My dumbest investment
The chips were down: My dumbest investment was selling NVIDIA shares that I'd bought at around $16 each a decade ago, as part of my retirement account. I held them for a few years, then sold because the stock wasn't performing – yet. I missed out on a return of 14 or 15 times my original investment of $10,000. I learned to be patient, especially when I know the company is on the right track. – D.M., online.
The Fool responds: Yikes – with NVIDIA shares recently topping $500 apiece, you missed out on more than a thirtyfold gain in your investment.
But we can't capture all of every great stock's gains. Your job as a long-term investor is to park your hard-earned dollars in the most promising investments you find, and then to wait – often for many years, and possibly for decades. Lots of great stocks will increase in value tenfold, twentyfold or sometimes even a hundredfold over long periods. As long as the company is performing well, maintains competitive advantages, and still has plenty of room to grow, it's best to hang on – through inevitable temporary downturns and occasional slumps. NVIDIA, which specializes in programmable graphics-processor technologies, has grown powerfully, but many still expect yet more growth due to demand for its chip technology that serves high-end video gamers, data centers and even cryptocurrency miners.
Name that company: I trace my roots back to 1993, when I was founded in St. Louis. I went on to acquire cable systems across the nation, but was deep in debt – and trouble – by 2009. I spent much of that year in Chapter 11 bankruptcy protection, but I emerged stronger. Microsoft co-founder Paul Allen held a controlling stake in me for about a decade. Today, with a market value recently near $136 billion, I'm a major telecom enterprise. I have the Spectrum brand, a network of more than 750,000 miles and more than 31 million customers in 41 states. Who am I?
Last week's trivia answer
I trace my roots back to 1938, when a guy in Chicago started a mail-order tractor parts business at his kitchen table – and soon opened his first store, in Minot, N.D.. I hit $1 billion in sales in 2002 and was added to the S&P 500 index and the Fortune 500 in 2014. Today, with a stock market value recently near $20 billion, I'm the premier "rural lifestyle" retailer in the U.S., with more than 1,900 stores in 49 states, and more than 42,000 workers. I also own the Petsense chain of more than 180 stores in 25 states. Who am ? (Answer: Tractor Supply Co.)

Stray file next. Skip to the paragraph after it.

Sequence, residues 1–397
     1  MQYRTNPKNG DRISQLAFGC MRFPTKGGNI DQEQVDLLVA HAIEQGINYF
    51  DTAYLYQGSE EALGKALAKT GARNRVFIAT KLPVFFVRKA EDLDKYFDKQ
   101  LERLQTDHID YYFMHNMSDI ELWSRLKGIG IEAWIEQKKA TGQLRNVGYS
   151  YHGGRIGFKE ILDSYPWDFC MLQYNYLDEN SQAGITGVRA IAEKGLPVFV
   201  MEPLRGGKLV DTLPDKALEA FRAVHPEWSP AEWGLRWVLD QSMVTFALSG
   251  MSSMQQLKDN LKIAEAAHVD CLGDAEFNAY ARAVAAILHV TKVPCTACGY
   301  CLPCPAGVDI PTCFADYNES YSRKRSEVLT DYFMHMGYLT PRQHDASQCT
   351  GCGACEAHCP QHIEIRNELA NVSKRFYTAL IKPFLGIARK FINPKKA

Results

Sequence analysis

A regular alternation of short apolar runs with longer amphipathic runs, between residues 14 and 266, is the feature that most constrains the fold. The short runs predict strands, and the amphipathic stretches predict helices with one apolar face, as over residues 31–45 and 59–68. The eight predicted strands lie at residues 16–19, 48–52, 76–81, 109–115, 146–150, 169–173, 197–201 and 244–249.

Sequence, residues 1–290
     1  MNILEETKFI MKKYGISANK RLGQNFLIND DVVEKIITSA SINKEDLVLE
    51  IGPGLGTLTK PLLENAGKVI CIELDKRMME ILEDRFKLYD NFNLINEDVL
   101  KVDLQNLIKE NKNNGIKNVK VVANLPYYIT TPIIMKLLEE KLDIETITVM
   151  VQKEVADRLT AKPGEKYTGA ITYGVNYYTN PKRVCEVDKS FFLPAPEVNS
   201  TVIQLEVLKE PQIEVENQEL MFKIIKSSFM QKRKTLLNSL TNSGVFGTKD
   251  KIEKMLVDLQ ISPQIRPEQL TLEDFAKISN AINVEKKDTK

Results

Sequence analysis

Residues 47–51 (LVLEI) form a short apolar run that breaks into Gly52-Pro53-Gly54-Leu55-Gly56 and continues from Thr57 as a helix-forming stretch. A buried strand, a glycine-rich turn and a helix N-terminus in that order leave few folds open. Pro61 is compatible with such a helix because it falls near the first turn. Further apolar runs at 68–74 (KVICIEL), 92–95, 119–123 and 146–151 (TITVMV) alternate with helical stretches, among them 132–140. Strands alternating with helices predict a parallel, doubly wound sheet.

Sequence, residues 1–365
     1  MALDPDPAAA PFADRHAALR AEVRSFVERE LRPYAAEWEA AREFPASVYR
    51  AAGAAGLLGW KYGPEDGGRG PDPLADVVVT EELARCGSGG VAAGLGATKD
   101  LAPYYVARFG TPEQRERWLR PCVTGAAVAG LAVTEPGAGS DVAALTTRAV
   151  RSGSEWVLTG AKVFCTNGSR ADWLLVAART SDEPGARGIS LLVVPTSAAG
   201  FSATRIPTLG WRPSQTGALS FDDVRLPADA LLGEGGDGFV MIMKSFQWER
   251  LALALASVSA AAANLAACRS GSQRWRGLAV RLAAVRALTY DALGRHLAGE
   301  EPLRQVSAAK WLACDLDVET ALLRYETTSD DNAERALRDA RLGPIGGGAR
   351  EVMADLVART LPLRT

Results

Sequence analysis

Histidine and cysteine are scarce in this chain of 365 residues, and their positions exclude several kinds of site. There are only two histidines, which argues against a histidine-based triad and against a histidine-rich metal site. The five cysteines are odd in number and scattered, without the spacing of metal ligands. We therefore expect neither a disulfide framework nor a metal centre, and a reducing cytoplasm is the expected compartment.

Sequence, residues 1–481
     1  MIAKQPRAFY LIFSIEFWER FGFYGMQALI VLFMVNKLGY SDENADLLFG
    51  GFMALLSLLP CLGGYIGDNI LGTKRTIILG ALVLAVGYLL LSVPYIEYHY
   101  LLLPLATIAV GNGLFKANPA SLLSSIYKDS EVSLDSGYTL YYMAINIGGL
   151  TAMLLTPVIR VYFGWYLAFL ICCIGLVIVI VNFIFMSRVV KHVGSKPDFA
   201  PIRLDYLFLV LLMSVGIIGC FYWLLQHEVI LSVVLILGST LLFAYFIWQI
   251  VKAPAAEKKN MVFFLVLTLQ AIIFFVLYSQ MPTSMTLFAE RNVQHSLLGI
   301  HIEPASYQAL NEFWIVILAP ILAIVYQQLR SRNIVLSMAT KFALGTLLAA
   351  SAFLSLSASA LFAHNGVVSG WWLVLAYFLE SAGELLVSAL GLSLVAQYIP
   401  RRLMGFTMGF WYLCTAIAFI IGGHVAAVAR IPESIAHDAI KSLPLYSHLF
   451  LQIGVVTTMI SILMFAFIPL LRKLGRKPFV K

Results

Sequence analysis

The Motley Fool Take
Merck. Plenty of potential: The pharmaceutical giant Merck & Co. (NYSE: MRK) hasn't performed well over the past year, but that poor showing means its stock has remained at relatively attractive levels. The company's forward-looking price-to-earnings (P/E) ratio was recently around 12, compared with a forward P/E of about 22 for the S&P 500. The low price has also pushed up its dividend yield, recently to a solid 3.4%.
The COVID-19 pandemic and the ensuing stay-at-home orders led to reduced access to health care products such as vaccines and medicines, which didn't help Merck's business. But there are excellent reasons to think its performance will improve as the world shifts back.
Arguably the most important reason is the company's Keytruda drug, approved to treat various types of cancer. In 2020, Merck's sales were up a meager 2% year over year to $48 billion, but Keytruda sales jumped by 30% year over year to $14.4 billion. And the cancer medicine still has a bright future; it's currently undergoing multiple Phase 3 clinical trials, and it stands a decent chance of being approved to treat additional conditions within a few years.
Merck's pipeline features dozens of drugs in development. Its animal health business is also performing well. This is a solid health care stock, whose shares may not remain on the cheap side for much longer.